Everyone at some point in time experiences stress. Some stress is good and actually helps us develop as a person both physically and mentally. Most often when we talk about stress we address excessive forms of emotional, mental, or traumatic stress. These types of stress have been scientifically linked to many different physical problems which may include:
- Heart Disease and it's related problems such as high blood pressure, increased heart rate, and heart attack.
- Obesity, higher levels of cortisol (the stress hormone) increases the amount of fat deposited in the abdomen.
- Diabetes, stress can directly increase glucose levels in type 2 diabetics.
- Headaches including tension headaches and migraine headaches.
- Depression and Anxiety
- Immune System Suppression, which slows wound healing.
- G.I. problems such as chronic heart burn or irritable bowel syndrome.
- Alzheimer's Disease
- Accelerated Aging
- Premature Death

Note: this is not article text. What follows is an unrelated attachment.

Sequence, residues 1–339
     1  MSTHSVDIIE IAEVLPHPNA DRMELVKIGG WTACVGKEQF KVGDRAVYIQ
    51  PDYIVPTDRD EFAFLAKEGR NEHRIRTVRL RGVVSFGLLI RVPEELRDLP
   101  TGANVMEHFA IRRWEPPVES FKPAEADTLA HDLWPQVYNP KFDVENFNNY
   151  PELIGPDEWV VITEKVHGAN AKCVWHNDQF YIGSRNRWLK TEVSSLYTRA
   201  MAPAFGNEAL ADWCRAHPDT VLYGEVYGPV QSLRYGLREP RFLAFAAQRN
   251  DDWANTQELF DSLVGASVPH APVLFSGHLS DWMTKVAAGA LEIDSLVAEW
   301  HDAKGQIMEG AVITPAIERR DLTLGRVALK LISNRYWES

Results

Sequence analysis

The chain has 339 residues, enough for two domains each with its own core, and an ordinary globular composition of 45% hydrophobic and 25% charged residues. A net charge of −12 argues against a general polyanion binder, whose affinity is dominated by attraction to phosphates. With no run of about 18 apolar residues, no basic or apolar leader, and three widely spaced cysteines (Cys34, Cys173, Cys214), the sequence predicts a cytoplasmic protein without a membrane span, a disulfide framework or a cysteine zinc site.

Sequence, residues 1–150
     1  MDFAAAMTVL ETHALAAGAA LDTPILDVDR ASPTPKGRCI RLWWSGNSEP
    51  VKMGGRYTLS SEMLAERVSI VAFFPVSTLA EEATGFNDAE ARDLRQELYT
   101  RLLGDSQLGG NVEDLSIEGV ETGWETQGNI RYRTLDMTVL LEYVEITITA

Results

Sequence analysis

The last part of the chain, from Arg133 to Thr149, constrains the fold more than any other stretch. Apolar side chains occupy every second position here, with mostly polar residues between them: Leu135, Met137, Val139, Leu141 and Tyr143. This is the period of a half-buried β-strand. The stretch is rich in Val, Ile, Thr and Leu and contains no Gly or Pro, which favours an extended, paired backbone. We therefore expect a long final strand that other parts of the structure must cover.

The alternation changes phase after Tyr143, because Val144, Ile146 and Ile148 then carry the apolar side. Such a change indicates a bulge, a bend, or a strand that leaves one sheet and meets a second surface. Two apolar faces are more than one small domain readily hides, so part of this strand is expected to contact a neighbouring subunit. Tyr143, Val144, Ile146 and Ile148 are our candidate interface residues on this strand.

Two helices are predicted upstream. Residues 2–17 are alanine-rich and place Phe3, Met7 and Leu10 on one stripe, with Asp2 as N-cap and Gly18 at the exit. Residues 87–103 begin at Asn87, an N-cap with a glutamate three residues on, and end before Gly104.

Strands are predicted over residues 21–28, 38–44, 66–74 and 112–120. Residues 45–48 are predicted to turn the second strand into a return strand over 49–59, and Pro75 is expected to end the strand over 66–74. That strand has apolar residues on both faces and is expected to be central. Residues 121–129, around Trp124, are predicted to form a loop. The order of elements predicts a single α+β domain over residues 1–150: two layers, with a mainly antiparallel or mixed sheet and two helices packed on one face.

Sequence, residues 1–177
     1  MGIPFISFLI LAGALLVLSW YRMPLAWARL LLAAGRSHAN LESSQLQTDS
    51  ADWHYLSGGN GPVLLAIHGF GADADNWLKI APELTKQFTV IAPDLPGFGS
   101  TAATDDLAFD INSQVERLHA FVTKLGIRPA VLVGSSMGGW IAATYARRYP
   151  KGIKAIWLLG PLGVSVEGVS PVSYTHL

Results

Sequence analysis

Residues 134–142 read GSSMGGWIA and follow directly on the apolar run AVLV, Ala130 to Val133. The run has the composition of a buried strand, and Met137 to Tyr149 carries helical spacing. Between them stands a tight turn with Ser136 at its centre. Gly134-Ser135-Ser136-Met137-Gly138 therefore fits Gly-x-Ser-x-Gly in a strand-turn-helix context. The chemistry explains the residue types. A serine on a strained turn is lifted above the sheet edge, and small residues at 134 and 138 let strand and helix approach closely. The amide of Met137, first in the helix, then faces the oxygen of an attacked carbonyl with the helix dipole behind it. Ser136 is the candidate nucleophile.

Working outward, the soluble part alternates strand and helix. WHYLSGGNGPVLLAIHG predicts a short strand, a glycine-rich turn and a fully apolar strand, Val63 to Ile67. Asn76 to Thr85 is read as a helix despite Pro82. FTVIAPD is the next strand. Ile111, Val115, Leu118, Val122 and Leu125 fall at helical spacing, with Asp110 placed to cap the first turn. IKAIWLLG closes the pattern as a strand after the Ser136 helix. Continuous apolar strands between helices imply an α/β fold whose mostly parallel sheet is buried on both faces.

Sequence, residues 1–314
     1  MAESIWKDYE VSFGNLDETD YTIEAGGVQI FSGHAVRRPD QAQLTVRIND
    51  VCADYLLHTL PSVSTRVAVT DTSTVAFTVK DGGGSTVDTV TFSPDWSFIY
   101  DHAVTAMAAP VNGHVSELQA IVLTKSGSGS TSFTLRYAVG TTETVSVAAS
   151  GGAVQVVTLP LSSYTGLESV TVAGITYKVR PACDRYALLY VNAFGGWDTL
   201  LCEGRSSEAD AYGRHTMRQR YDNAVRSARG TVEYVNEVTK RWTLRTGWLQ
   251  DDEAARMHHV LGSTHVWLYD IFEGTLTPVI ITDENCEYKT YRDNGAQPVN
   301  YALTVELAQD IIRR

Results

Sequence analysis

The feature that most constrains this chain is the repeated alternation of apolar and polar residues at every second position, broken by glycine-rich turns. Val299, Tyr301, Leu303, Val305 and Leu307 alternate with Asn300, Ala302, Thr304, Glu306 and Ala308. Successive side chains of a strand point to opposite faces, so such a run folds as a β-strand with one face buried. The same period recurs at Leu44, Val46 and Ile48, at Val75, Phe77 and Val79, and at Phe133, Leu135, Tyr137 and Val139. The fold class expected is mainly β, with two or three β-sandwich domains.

How Stress Causes Pain - The Stress Pain Cycle
For years health care professionals speculated about there being a correlation between physical pain and emotional stress. There was obvious practical and clinical evidence of this being true, however the scientific community lacked proper studies to back this theory. Fast forward to 2014 however, and this is no longer the case. Today there are is an extensive multitude of properly published, peer reviewed research to back the theory of a "Stress Pain Cycle".
The cycle is essentially easy to understand. The experience of stress exploits our mental perception of pain. When the stress hormone Cortisol is released in our bodies, it actually can cause us to perceive sensation in a way that is interpreted as pain by our brains. This does not mean that the actual pain does not exist, what it means is that the pain we are experiencing is a physical chemical reaction in our brains.
Pain is a tool used by our bodies to save us from imitate danger (think primal fight or flight reactions), however if pain persists long after an injury or traumatic event has taken place, or even if pain seems to organically grow for no reason (think chronic pain syndromes), we can must look at levels of stress and cortisol in the system. More likely than not, they are a contributing factor to the very real pain that is being experienced.
I just have to share how much PMA has helped me work through stress and tension in my health. Thank you Brandi!!! - Maria